Kelo v. Abortion?
I interupt my blogging retirement for this quick post on something that I have been thinking about. After Kelo (where a city government was given permission to seize a house for a private purpose by the highest tribunal of the judiciary branch), some began to propose using the decision against Justice Souter (who voted with the majority) by seizing his longtime house to build a hotel. As Professor Volokh pointed out, such a condemnation would not violate Kelo:
Under Kelo, it does seem that the government couldn't seize Souter's property just because it doesn't like his policies. But Kelo speaks to the intentions of the government, not of those who are doing the development.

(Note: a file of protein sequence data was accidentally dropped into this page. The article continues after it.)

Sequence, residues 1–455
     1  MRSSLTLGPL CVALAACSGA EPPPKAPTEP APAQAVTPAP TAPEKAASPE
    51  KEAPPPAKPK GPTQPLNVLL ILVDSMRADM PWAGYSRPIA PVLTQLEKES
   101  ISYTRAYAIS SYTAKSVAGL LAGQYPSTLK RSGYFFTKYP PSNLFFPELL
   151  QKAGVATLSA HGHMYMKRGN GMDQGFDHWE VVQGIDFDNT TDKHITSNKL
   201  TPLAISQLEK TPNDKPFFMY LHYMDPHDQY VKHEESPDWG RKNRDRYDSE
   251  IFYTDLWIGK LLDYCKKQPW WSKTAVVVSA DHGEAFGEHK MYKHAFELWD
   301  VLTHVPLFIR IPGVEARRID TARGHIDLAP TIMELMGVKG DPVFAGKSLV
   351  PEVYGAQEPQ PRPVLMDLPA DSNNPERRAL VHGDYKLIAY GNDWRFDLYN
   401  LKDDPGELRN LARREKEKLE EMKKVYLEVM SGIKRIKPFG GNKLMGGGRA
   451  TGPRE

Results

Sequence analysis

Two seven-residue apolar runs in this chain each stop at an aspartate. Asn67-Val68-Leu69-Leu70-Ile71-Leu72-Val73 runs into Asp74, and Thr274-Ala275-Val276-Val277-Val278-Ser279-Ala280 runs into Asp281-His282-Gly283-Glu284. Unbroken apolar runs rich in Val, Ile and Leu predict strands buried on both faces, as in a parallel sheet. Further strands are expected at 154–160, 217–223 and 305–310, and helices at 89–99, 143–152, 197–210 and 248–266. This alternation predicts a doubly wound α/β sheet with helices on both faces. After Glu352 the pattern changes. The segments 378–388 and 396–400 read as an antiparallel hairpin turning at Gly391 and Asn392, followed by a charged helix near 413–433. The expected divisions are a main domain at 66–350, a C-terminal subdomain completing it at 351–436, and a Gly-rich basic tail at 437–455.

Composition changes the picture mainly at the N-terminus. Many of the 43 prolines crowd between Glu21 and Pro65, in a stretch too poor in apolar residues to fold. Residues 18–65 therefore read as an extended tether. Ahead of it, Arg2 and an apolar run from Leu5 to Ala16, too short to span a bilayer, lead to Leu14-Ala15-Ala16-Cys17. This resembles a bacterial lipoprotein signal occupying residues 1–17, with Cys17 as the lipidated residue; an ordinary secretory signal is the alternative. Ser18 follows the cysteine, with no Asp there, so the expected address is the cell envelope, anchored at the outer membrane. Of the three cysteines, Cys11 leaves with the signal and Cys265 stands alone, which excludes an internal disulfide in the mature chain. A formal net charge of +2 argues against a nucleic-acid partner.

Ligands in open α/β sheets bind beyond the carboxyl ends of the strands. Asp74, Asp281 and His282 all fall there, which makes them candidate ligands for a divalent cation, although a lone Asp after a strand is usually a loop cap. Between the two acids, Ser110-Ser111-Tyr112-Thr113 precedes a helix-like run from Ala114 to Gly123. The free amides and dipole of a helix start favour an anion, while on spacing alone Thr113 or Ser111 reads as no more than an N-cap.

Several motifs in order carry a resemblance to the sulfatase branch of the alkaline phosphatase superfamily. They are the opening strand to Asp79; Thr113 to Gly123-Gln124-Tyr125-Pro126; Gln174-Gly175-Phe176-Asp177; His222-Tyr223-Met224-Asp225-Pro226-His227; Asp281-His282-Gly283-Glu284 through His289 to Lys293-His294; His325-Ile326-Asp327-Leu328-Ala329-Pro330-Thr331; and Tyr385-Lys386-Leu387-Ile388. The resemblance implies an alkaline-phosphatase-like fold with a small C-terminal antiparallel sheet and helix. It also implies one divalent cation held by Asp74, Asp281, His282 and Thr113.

Under Volokh's interpretation of Kelo, this means that under the decision a pro-life organization could seek to have a series of planned parenthoods in a geographic area condemened in order to put up shops that would yield greater tax revenue. That their motivations are suspect is irrelevent, because the only motivation that should trigger heightened court scrutiny would be the motivation of the city board that hears condmentations matters - and that boards' motivations would be to simply increase tax revenue. Nor would this be an undue burden under Planned Parenthood v. Casey, because Planned Parenthood would always be free to buy another plot of land to set up another planned parenthood - it would just be out the moving costs and be forced to watch the pro-life movement get a symbolic victory. Finally, even assuming I'm wrong on both of these, precedent does not speak explicitly to this legal tactic, and it would draw further negative attention to the Kelo decision, making any ultimate legal result mere icing on the cake for those who are pro-life (which I am not one of).